And their chariots and horsemen shall scatter dismay
On the hosts led against them in battle array.

Oh! where is the strength of the mighty in war,
If the face of Jehovah be veiled from afar?
Jerusalem, vanquished Jerusalem, mourn!
When, alas! shall the light of thy glory return?

Collect for the Day
Remember us, gracious God, when we cannot see your way and purpose, and renew in us the joy of your kingdom of light and life. We ask this in the name of Jesus Christ the Lord.

[476:826:89 Psalm prayer]

Wednesday, August 16, 2006

Paradigm for Disaster: Bible Comment on Joel 1 with story by A. Taylor, A Riddle for a Locust

Daily Readings
Psalm 89:1-18 II Samuel 14:34-15:12 Joel 1 Hebrews 11

Daily Text: Joel 1

Paradigm for Disaster
While some commentators have suggested Joel’s four part description of the locust as developmental stages, biological research does not bear this out, at least not with any finite accuracy. Better to think in terms of different locust behaviors seen in such a plague. However, one writes of it, the reality must be horrible. The loss of all agricultural viability throughout a region would bring down upon the inhabitants an end to hope, an end to religious life dependent upon sacrifices, an end to leisure, an end to joy. Combine with it drought and the outlook is grim indeed. So terrible is it that Joel sees it as a paradigm for the Day of the Lord, the very definition of all that is frightening.

A Riddle for a Locust
A. Taylor

A curious Algerian tale relates how Satan looked at the world God had created and said he could have done better. God heard him and gave him the power to endow with life whatever he might create. As Satan wandered about, he saw a noble animal proudly lifting its graceful head in a meadow. “I shall take this horse’s head,” said he, and ordered a servant to carry it to hell. Farther on, the gentle eye of an elephant caught his fancy. He admired the long, curving horns of a herd of antelopes as they were running in a ravine. When he saw a bull fighting a lion, he chose the bull’s neck and the lion’s breast. “What more do I need he said to himself, and meeting a camel, he took its strong thighs, and then, the splendid legs of an ostrich. “What do I need now?” he said, and sought out the scorpion in the hot stones of the desert. From it he took its stomach. “Shall the creature of my making be damned to crawl on the earth? No! I wish it to have the wings of an eagle.” And he shot an arrow at the king of birds and took its wings. “Now to work,” said Satan. He spent a long time fitting these bits of animals together. Some were too clumsy, others were too small. He filed and sawed, cut and patched so diligently that at the end of the hundred years granted him only a tiny creature lay in his hands. He blew on it and gave it life. “Well, what have you said God. “There is the result of my skill,” Said Satan. “Is that then your handiwork? O Satan! As a sign of your weakness may this creature multiply on earth and teach men that there is no God but God.” Satan departed in confusion, and since then locusts have flourished in Arabian lands.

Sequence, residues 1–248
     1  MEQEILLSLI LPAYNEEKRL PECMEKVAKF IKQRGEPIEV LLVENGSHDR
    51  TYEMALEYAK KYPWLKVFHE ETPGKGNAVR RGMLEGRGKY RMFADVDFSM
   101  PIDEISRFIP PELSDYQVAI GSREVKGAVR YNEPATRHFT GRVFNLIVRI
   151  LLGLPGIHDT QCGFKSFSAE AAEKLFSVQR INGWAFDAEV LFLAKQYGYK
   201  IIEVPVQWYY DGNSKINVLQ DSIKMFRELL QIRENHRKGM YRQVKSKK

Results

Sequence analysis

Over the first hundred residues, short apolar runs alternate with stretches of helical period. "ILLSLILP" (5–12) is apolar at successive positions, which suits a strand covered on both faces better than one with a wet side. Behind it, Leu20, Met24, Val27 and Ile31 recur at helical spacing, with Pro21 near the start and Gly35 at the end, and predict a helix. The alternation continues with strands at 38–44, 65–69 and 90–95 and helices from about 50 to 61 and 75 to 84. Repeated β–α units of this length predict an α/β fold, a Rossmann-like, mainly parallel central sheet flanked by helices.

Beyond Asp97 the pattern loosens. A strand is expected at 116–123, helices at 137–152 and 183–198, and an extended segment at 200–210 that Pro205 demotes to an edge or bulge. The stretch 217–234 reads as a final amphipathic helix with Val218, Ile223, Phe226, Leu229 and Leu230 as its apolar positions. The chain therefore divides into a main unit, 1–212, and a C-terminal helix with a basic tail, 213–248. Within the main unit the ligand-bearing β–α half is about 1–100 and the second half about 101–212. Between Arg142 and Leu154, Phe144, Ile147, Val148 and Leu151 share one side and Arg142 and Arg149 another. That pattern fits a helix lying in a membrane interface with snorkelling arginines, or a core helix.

Collect for the Day
We humbly beseech thee, O Father, mercifully to look upon our infirmities; and, for the glory of thy Name, turn from us all those evils that we most justly have deserved; and grant that in all our troubles we may put our whole trust and confidence in thy mercy, and evermore serve thee in holiness and pureness of living, to thy honor and glory; through our only Mediator and Advocate, Jesus Christ our Lord. Amen